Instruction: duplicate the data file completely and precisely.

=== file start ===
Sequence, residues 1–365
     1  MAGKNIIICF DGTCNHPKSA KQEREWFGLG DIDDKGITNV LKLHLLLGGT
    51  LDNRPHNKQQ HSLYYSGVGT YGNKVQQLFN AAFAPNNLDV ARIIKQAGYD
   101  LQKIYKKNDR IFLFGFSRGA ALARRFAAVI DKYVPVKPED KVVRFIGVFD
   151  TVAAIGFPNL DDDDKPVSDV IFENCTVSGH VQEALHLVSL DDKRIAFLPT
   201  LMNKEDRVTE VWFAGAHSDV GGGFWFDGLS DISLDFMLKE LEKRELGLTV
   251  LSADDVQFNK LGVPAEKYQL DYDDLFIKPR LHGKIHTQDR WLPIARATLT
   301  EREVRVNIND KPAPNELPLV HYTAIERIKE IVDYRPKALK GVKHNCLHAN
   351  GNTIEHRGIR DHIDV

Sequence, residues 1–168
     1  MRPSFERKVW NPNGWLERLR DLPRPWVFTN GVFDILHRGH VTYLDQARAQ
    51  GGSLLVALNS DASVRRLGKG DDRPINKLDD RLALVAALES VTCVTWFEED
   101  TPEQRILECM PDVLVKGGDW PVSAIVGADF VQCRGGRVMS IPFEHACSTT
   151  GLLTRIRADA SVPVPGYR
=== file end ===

Sequence, residues 1–365
     1  MAGKNIIICF DGTCNHPKSA KQEREWFGLG DIDDKGITNV LKLHLLLGGT
    51  LDNRPHNKQQ HSLYYSGVGT YGNKVQQLFN AAFAPNNLDV ARIIKQAGYD
   101  LQKIYKKNDR IFLFGFSRGA ALARRFAAVI DKYVPVKPED KVVRFIGVFD
   151  TVAAIGFPNL DDDDKPVSDV IFENCTVSGH VQEALHLVSL DDKRIAFLPT
   201  LMNKEDRVTE VWFAGAHSDV GGGFWFDGLS DISLDFMLKE LEKRELGLTV
   251  LSADDVQFNK LGVPAEKYQL DYDDLFIKPR LHGKIHTQDR WLPIARATLT
   301  EREVRVNIND KPAPNELPLV HYTAIERIKE IVDYRPKALK GVKHNCLHAN
   351  GNTIEHRGIR DHIDV

Sequence, residues 1–168
     1  MRPSFERKVW NPNGWLERLR DLPRPWVFTN GVFDILHRGH VTYLDQARAQ
    51  GGSLLVALNS DASVRRLGKG DDRPINKLDD RLALVAALES VTCVTWFEED
   101  TPEQRILECM PDVLVKGGDW PVSAIVGADF VQCRGGRVMS IPFEHACSTT
   151  GLLTRIRADA SVPVPGYR